The History of Juneteenth

Today is America’s newest federal holiday but most Americans don’t know much about it and don’t celebrate it. That’s not too surprising since the Juneteenth National Independence Day Act was just signed into law by President Joe Biden last year.

“On Juneteenth, we recommit ourselves to the work of equity, equality, and justice,” Biden said in his Juneteenth proclamation. “And, we celebrate the centuries of struggle, courage, and hope that have brought us to this time of progress and possibility.”

But, do Americans want Juneteenth as a national holiday? 

In a 2021 Ipsos poll, just 33% of Americans believed that Juneteenth should be a national holiday, and 62% said they didn’t plan to observe it. 

Why? A  majority of Americans may not celebrate Juneteenth simply because they don’t know much about it. When a 2021 Gallup Poll asked Americans if they think Juneteenth should be a federal holiday, 40% said they didn’t know or were unfamiliar with Juneteenth. Only 12%, in that same poll, said they knew “a lot” about it.

Although Juneteenth has only recently gained mainstream attention, it has been celebrated since 1866 and goes by other names such as “Jubilee Day,” “Emancipation Day,” “Freedom Day” and “Black Independence Day.” 

So why, 156 years later, is it just now breaking through? And why don’t you remember learning about it in school? Here’s a little history:

Abraham Lincoln signed the Emancipation Proclamation in 1863 to free enslaved African Americans, two years before the Civil War would end. However, the enslaved people in Confederate states were generally only freed when Union troops arrived to enforce it. One of the last places the Union arrived was in Galveston, Texas – on June 19, 1865.

The following year the formerly enslaved people celebrated the first Juneteenth. 

Today, Americans celebrate Juneteenth with parades, barbeques, parties, and the reading of the Emancipation Proclamation. The color red is symbolic on Juneteenth as it represents the blood that was shed during the path to freedom.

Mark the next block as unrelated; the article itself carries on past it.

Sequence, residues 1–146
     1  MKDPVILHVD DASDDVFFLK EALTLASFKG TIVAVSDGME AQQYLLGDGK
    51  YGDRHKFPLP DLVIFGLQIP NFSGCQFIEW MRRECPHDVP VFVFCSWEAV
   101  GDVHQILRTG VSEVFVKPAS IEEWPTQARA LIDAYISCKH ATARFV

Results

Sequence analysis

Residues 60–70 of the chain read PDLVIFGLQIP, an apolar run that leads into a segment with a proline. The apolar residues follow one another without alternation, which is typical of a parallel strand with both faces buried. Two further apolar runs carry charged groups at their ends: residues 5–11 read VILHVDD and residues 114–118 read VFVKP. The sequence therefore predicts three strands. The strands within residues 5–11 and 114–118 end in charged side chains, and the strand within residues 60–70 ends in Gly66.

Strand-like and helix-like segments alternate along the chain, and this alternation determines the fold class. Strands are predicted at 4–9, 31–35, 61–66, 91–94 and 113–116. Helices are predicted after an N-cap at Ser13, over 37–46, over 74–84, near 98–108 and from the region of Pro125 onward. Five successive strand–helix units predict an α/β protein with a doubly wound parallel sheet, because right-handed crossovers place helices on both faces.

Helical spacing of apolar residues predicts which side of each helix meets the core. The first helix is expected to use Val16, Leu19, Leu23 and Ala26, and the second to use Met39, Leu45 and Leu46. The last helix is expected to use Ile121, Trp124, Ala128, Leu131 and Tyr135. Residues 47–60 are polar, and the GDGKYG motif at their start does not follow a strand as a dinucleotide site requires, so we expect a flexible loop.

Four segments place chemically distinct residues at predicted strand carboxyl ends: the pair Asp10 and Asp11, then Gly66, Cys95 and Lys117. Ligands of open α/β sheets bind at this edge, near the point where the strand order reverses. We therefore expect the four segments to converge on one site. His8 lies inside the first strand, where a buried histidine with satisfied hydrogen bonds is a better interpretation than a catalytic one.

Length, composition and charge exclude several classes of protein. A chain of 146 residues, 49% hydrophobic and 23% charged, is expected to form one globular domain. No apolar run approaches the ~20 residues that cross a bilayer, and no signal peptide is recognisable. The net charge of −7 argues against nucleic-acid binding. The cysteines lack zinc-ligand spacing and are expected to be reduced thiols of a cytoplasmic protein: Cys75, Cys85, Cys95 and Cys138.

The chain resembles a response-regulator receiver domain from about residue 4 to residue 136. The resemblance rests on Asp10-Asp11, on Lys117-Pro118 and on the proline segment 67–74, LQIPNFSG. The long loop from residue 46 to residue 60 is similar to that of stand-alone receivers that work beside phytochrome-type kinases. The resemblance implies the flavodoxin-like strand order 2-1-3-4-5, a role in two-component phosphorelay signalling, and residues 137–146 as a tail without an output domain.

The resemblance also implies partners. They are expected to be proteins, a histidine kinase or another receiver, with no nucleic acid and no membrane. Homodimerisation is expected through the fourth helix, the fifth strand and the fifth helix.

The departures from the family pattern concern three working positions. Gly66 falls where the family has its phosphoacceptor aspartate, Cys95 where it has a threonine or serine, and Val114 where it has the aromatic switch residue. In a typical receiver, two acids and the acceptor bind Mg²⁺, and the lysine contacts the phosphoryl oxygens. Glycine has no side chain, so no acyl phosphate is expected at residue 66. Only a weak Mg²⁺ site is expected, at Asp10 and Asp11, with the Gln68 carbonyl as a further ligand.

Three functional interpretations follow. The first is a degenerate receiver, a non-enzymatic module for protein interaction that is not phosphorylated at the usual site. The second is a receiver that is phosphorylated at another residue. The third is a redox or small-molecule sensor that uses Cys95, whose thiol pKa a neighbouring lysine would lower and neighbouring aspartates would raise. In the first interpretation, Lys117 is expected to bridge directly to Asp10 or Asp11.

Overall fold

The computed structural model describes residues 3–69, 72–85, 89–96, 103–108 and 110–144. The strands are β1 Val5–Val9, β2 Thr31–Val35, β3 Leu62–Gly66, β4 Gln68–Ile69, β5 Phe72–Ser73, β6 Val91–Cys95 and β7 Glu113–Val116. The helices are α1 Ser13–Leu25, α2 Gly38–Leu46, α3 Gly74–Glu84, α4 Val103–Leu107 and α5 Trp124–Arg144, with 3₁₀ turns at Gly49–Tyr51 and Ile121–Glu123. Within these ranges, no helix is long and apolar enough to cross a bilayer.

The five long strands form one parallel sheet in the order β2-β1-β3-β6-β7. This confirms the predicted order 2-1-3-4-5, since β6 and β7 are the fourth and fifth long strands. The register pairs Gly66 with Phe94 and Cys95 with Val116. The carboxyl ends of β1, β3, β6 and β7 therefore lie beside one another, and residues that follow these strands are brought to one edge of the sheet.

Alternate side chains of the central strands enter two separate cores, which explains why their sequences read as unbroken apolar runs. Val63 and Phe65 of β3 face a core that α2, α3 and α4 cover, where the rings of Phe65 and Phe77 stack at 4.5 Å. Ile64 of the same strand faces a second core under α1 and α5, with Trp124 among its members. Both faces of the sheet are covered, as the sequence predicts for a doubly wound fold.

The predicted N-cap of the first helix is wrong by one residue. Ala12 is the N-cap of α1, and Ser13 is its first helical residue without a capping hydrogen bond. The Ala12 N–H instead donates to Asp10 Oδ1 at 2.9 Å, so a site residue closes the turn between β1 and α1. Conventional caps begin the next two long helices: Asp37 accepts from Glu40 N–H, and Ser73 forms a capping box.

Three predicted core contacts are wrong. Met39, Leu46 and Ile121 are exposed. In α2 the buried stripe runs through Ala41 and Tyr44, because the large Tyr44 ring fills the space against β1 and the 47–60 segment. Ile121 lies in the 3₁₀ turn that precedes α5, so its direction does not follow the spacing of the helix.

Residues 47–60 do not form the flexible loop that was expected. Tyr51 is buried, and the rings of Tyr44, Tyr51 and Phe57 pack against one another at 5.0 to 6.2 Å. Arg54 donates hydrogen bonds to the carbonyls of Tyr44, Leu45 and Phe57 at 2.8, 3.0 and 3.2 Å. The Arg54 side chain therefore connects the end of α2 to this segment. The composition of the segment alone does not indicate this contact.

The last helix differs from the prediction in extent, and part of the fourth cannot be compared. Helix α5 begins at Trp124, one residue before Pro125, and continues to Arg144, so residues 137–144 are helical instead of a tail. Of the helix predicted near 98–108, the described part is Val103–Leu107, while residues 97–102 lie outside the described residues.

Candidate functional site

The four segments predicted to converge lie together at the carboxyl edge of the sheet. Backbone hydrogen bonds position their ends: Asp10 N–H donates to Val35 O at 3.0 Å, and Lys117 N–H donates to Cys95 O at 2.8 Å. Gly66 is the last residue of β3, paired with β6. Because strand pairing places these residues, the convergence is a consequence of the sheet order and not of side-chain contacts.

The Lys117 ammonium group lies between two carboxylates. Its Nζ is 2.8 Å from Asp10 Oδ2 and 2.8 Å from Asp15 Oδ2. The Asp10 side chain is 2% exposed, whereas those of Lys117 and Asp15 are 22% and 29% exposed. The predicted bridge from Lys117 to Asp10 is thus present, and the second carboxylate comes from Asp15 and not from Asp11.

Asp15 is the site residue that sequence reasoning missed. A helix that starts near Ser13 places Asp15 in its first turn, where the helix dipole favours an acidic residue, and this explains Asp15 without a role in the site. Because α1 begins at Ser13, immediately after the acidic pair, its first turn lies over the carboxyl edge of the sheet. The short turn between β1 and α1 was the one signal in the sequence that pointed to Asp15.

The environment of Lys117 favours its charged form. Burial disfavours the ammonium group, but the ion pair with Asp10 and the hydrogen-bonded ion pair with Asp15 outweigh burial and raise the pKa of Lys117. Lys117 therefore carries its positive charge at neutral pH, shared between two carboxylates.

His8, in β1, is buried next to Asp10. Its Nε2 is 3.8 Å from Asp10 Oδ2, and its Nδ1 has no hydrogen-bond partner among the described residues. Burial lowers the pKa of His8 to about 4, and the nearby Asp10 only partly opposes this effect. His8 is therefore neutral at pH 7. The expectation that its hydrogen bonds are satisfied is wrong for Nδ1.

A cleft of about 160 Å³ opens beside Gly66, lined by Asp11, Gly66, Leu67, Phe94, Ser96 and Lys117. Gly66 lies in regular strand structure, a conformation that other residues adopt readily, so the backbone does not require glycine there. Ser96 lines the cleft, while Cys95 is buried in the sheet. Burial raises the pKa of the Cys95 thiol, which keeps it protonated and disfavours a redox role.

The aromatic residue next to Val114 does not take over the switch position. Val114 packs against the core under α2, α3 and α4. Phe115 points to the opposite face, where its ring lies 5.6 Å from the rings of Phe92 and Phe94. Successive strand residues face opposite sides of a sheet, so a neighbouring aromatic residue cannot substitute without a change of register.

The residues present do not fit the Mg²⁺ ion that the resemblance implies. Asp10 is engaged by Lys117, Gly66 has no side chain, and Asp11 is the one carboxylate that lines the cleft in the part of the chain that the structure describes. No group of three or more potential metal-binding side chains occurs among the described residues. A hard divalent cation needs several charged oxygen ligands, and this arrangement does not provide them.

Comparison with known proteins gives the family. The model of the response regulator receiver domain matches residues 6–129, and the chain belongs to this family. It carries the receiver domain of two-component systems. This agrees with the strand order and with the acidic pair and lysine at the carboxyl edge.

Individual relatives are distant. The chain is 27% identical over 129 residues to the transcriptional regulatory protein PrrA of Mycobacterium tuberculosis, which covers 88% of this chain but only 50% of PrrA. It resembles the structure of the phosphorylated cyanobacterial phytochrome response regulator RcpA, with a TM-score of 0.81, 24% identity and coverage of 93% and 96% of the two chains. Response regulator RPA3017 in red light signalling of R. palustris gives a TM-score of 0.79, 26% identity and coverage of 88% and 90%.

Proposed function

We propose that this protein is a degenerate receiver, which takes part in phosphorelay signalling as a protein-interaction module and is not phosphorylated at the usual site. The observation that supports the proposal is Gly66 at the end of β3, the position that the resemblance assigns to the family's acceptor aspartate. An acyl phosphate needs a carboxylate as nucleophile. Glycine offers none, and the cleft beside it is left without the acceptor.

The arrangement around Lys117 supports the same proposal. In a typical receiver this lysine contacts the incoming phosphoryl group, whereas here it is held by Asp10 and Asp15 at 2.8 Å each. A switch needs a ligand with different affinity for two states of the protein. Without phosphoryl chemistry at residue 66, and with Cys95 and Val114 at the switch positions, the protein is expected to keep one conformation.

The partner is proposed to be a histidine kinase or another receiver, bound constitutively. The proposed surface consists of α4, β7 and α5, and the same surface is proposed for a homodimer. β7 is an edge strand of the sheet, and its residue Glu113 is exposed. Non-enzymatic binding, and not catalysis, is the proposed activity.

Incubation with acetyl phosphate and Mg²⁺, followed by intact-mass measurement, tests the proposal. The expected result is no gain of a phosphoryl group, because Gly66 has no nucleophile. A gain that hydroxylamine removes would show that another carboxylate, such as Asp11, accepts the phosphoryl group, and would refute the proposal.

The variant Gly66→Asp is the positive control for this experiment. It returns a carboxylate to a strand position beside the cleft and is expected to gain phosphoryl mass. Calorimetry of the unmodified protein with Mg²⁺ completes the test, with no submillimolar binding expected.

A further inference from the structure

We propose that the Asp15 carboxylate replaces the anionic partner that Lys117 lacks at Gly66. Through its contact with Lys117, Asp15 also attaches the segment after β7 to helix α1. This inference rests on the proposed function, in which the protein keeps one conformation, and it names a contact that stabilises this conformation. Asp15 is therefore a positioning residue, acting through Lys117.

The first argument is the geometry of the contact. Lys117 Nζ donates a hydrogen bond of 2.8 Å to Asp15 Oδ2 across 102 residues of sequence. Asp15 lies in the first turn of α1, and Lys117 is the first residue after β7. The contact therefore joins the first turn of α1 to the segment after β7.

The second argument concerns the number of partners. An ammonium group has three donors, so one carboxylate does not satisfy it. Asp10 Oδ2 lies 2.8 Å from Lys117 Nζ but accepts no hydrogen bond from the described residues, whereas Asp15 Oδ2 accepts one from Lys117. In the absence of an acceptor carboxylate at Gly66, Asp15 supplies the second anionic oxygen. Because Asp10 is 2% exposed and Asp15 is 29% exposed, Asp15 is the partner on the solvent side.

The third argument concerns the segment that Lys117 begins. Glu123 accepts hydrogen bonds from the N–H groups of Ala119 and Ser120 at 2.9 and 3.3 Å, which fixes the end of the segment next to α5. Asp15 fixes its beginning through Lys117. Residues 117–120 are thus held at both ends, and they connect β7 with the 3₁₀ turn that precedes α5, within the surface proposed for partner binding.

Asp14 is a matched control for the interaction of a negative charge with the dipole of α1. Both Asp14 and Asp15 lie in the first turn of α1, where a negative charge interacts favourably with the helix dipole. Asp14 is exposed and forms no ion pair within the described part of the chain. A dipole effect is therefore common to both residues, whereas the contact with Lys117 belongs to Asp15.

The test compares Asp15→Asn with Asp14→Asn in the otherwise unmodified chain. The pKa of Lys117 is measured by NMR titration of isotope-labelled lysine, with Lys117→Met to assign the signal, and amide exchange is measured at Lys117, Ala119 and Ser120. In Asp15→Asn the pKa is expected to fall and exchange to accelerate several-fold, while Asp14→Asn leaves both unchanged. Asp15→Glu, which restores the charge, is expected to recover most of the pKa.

Many Americans don’t know much or any Juneteenth history in part because it isn’t widely taught in schools. In 2020, CBS News conducted an investigation into how black history is taught in the U.S. It discovered that the standards in seven states didn’t outwardly mention slavery, and eight states ommitted mentioning the civil rights movement.

A plurality of Americans think this should change. In a Gallup Poll from last year, 49% said public schools should add Juneteenth to their history curriculum.

But, why make it a national holiday now? A century and a half later?

Juneteenth came to national prominence in 2020 after a number of Black Americans were killed during encounters with law enforcement. Their deaths highlighted the continued racial injustice in the country as more blood was shed in the African American community. 

After Biden took office in 2021, he signed a Proclamation on Juneteenth to recognize the inequalities Black Americans have faced for hundreds of years. The national holiday stands not only as a reminder of the past, but as a symbol of the ongoing fight to reach equality.

This post was written by Marist Poll Media Team student Greta Stuckey.